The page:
Elvis Presley’s #1 Hits – Part 4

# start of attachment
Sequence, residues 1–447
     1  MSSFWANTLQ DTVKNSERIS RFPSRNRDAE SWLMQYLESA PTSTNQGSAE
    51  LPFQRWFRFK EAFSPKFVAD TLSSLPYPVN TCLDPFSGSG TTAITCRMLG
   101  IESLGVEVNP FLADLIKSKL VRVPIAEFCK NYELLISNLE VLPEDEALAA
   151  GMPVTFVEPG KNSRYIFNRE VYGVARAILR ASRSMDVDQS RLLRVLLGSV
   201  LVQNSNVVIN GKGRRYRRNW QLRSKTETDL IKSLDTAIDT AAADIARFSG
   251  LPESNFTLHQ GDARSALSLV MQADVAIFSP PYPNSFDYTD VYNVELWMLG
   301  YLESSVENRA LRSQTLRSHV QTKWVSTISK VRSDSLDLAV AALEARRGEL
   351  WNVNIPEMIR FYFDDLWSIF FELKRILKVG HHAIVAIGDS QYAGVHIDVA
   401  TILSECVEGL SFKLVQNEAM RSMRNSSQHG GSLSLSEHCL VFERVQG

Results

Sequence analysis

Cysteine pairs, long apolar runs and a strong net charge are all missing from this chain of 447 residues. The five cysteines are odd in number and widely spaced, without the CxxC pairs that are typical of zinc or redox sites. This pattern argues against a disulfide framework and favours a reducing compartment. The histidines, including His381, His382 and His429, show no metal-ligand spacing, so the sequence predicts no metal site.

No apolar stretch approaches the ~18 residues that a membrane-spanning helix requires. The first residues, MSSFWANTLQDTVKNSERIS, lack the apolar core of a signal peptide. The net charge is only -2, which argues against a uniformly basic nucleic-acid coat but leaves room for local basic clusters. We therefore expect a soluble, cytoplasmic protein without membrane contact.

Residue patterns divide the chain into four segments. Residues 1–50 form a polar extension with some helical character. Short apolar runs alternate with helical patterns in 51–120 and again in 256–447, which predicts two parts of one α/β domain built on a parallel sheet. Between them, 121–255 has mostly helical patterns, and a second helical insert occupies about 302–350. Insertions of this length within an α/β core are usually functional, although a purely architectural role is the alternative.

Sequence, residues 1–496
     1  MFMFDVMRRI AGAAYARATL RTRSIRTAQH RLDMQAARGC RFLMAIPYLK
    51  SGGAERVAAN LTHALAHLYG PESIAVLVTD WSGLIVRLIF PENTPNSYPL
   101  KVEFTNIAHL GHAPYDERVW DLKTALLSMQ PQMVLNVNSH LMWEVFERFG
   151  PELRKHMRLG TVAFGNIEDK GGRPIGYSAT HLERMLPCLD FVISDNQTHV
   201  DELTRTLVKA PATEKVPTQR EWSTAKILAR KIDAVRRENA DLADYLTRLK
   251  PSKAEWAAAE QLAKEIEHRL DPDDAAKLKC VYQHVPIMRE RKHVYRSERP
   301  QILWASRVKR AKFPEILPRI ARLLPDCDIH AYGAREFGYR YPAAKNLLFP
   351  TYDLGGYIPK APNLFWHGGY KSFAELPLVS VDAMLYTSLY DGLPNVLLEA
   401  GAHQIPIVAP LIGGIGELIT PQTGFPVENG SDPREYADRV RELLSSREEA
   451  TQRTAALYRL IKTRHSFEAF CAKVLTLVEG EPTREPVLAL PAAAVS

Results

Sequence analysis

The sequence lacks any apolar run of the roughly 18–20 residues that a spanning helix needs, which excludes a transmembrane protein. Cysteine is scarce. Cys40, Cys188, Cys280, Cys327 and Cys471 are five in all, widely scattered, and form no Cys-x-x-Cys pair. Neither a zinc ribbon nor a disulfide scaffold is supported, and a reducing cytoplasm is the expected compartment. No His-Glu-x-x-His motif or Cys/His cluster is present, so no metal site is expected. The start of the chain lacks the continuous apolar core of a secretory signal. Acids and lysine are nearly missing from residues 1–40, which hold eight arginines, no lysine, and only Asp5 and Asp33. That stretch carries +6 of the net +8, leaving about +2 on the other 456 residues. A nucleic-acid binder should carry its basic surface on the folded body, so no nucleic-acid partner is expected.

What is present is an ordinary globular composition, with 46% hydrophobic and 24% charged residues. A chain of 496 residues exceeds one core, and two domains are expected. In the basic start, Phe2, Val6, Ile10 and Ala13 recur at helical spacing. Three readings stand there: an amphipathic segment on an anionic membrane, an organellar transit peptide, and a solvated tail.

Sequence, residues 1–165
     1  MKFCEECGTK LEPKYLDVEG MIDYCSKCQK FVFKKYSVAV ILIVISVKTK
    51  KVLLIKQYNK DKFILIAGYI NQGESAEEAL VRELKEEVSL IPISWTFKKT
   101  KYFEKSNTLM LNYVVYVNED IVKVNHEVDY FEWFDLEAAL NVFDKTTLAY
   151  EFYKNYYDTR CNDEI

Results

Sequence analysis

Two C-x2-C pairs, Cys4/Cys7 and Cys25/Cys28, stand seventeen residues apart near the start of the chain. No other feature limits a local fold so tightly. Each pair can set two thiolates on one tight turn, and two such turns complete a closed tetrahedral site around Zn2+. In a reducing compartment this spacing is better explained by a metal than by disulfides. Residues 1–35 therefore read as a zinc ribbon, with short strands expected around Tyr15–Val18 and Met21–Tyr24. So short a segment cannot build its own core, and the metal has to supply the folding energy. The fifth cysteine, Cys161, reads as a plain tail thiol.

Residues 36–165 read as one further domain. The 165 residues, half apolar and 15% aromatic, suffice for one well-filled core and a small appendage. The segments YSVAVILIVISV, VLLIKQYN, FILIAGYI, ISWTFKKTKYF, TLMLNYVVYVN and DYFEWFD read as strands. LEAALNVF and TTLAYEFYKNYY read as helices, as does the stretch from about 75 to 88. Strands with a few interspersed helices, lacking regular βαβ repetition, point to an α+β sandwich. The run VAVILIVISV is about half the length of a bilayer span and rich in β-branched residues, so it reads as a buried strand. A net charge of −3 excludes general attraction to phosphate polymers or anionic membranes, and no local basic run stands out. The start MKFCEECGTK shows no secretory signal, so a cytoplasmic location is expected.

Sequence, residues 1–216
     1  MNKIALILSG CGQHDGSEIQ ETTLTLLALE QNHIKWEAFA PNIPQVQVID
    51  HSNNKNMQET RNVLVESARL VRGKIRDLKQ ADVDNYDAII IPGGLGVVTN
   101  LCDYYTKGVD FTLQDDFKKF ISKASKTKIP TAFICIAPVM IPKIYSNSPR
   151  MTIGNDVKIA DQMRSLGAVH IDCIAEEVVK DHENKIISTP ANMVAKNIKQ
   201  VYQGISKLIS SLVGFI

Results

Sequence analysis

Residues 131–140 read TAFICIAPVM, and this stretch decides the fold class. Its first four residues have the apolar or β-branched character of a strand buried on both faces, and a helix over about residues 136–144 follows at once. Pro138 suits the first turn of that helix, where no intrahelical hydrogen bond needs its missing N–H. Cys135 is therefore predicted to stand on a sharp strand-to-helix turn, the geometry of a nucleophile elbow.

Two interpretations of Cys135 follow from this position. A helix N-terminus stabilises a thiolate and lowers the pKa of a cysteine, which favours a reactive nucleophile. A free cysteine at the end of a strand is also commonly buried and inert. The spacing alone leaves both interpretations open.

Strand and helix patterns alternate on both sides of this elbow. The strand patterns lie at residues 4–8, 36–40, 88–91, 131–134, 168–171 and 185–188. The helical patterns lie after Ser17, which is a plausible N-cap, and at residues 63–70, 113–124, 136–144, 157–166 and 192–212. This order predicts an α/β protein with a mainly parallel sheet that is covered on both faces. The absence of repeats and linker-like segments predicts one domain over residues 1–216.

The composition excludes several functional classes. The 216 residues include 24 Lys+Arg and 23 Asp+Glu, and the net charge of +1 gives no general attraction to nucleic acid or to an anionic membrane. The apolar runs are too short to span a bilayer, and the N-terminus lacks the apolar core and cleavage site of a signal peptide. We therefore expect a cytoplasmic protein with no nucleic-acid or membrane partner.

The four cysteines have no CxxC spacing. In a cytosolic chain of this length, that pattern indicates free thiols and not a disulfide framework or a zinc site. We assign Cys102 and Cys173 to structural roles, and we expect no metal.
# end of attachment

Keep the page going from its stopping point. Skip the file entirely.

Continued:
Performing to sold-out crowds of adoring fans. Winning awards and accolades. Topping the charts. Elvis Presley, like so many musicians before and since, had those same dreams – and he accomplished his goals in dazzling, legendary fashion. Elvis didn’t just top the charts once, or even a few times – he did it repeatedly. He scored so many No. 1 hits that we’re on part four of our series about Elvis’ hit singles. Check out part one, part two and part three – and now, on to part four. “Don’t” This you can believe I will never leave you Heaven knows I won’t Baby, don’t say don’t On September 6, 1957, Elvis was at Radio Recorders in Hollywood and was scheduled to record material for a Christmas album. It was September, though, and Elvis wasn’t in the Christmas spirit just yet. Instead he recorded “Don’t,” written by Jerry Leiber and Mike Stoller, who wrote a slew of Elvis hits such as “Jailhouse Rock,” “Bossa Nova Baby,” “Trouble” and “Treat Me Nice.” Musicians Scotty Moore, D.J. Fontana, Bill Black and Dudley Brooks perform on the track. Elvis’ regular back-up vocalist group, The Jordanaires, were teamed up with soprano Millie Kirkham for the first time at this session. “Don’t” was paired with “I Beg of You,” and the single was released in January 1958. The song topped the Billboard pop singles chart for five weeks. It performed well on other charts, too: “Don’t” peaked at No. 2 on the country chart, and it peaked at No. 4 in its 10-week run on the R&B chart. The track hit No. 2 on Britain’s pop singles chart, and it stayed on the charts for 11 weeks. “Hard Headed Woman” I got a woman, a head like a rock. If she ever went away I’d cry around the clock. Oh yeah, ever since the world began a hard headed woman been a thorn in the side of man. This hit single is from the “King Creole” soundtrack. It was written by Claude DeMetrius, and Elvis recorded it on January 15, 1958 – just a few days following his 23rd birthday – at Radio Recorders in Hollywood. Elvis had already received his military draft notice, but was allowed a deferment on his induction date to have time to make “King Creole,” since Paramount had already spent a lot of pre-production money on the movie. Elvis...
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